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Ian Munro writes of his feelings on the current political climate, and how it may affect our youngsters.
So it’s to be President Trump. While I hoped it wasn’t to be, a little niggle told me it probably would.
I spent some time in the UK in the lead-up to Brexit, and can see that many of the same issues played a role in the US election — immigration, economic hardship, racial issues, lack of jobs and a nationalistic desire to cut the country off from the influences of the outside world.
In both cases, there was significant manipulation of the voters to the point where a large enough group delivered the unexpected outcome, despite the logic saying they’d more likely be disadvantaged than advantaged.
There was fear that Trump supporters would take to the streets if he lost. He didn’t, they didn’t. Instead Clinton’s and Sander’s supporters did. But this is just the other side of the same coin — "I want what I want and I’ll let you know in strong and unpleasant ways if I don’t get it". A logical outcome in a society based on the economic policies of the past 30 years.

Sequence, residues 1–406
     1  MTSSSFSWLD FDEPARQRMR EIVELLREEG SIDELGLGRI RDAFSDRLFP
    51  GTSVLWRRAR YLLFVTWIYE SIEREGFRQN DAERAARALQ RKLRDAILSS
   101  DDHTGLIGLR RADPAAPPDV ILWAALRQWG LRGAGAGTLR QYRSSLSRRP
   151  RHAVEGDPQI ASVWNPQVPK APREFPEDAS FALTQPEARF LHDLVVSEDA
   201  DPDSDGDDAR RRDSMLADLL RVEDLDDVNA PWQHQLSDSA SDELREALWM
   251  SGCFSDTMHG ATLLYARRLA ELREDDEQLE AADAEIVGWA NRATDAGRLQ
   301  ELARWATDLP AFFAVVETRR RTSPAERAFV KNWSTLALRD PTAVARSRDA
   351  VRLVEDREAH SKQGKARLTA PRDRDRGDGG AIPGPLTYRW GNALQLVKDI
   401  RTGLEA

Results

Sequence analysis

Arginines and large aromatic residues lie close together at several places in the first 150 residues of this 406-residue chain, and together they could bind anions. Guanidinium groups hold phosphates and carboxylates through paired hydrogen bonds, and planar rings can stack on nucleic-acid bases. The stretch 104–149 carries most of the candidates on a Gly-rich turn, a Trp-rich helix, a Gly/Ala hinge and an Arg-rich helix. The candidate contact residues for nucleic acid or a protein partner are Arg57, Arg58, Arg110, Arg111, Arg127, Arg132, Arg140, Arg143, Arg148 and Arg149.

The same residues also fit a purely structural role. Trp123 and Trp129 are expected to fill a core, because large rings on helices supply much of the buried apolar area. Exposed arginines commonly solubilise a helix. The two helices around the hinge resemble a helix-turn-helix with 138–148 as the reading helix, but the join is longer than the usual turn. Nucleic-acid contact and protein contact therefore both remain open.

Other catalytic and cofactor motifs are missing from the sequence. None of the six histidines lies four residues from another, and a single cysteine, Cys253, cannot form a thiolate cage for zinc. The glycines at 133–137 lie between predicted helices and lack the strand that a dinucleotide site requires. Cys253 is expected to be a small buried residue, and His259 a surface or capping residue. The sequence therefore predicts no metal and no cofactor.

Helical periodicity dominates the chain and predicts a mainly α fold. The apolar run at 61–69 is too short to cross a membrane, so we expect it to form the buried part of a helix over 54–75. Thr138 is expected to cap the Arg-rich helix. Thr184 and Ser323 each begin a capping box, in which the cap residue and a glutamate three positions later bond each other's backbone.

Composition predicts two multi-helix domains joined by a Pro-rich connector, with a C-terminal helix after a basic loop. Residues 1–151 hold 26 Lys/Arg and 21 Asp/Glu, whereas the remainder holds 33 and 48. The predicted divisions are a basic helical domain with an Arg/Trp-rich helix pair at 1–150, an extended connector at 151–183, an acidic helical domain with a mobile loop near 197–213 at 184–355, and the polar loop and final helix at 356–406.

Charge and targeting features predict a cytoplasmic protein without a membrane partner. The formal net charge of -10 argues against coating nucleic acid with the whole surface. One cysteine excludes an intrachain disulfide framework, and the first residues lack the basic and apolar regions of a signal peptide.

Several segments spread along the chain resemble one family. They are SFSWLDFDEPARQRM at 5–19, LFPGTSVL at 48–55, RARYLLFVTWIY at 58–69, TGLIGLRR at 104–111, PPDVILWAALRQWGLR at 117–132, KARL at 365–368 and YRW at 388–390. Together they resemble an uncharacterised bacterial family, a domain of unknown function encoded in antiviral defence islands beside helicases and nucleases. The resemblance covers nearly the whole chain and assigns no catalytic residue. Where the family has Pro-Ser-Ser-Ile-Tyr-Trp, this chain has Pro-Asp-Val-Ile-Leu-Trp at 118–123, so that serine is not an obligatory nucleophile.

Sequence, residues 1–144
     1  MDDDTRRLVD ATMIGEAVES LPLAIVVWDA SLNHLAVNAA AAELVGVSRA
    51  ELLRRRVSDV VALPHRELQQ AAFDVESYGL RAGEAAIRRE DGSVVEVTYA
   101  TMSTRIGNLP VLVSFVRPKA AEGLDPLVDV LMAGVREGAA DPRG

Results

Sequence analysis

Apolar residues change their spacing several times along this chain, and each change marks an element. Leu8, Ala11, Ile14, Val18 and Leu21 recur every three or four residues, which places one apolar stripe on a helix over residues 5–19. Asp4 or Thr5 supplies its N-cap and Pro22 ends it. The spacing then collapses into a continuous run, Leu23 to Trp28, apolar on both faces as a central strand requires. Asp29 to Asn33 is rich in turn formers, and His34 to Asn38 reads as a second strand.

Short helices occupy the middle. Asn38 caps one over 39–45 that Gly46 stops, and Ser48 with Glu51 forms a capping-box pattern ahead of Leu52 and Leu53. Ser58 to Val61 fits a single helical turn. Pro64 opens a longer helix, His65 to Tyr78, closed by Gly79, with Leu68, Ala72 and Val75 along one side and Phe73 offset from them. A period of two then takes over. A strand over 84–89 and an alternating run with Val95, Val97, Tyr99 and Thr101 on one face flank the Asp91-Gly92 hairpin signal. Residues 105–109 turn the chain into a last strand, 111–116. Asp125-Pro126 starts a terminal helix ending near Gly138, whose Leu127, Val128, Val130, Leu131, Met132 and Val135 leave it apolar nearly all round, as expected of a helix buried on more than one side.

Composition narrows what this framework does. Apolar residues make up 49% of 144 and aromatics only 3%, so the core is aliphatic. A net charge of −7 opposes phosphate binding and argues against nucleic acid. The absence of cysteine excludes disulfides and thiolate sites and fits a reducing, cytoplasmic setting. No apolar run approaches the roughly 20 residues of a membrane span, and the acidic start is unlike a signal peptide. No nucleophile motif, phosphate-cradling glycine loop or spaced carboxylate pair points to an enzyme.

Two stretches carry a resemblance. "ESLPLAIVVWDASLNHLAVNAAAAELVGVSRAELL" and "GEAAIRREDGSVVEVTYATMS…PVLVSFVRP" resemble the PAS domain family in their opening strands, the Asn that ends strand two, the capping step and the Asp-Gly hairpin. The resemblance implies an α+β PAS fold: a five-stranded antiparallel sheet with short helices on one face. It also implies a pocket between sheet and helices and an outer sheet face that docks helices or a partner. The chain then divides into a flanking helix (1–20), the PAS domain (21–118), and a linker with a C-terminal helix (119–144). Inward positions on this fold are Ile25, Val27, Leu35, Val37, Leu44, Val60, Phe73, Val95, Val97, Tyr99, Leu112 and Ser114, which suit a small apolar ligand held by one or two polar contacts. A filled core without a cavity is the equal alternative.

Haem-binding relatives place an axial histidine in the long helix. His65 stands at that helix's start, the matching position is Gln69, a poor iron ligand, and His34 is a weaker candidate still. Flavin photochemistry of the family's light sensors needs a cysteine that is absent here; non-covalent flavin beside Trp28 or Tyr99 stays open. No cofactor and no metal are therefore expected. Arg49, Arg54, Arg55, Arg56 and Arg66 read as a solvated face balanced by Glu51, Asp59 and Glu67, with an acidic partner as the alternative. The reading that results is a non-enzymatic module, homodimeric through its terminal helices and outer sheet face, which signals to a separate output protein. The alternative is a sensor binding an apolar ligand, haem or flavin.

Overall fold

Sadly, we already have the makings of a similar situation here. A politician who’s known to exploit some of these issues and then not necessarily honour his promises: Gareth Morgan talking specifically of riding this same wave of disaffection, though his motives may be different to those of Trump, Neil Farage, Boris Johnson and mates; a generation of 25-35 year olds feeling both hard done by and entitled; and large groups of citizens living in economic hardship who also have concerns about immigrants, racial issues, housing and joblessness.
Very recently, we’ve seen the wife of a National MP elected to a community board. After being sworn in, she walked out when she didn’t get elected to the chairperson position and then publicly attacked the person who did through paid advertising; a physical confrontation between the Labour candidate in the Mt Roskill by-election and his National opponent’s husband; and an unpleasant social media attack on a journalist by Labour’s Phil Twyford, when all that was required was an explanation. Not to mention the "dirty politics" of the last election.
Five months ago, I wrote that we were moving into a post-fact era, where political leaders had scant respect for the truth or for reasoned argument and debate. Now I think we’re there.
And, again, here’s the parenting bit. If we want an open-minded, tolerant, egalitarian and multicultural society, one where our youngsters don’t grow up to become the pawns of politicians, the rich and the powerful, and not cannon fodder for cynical, opportunistic and unscrupulous political leaders, then we have to let our politicians know in no uncertain terms, over the next 12 months, that we won’t tolerate this approach to politics.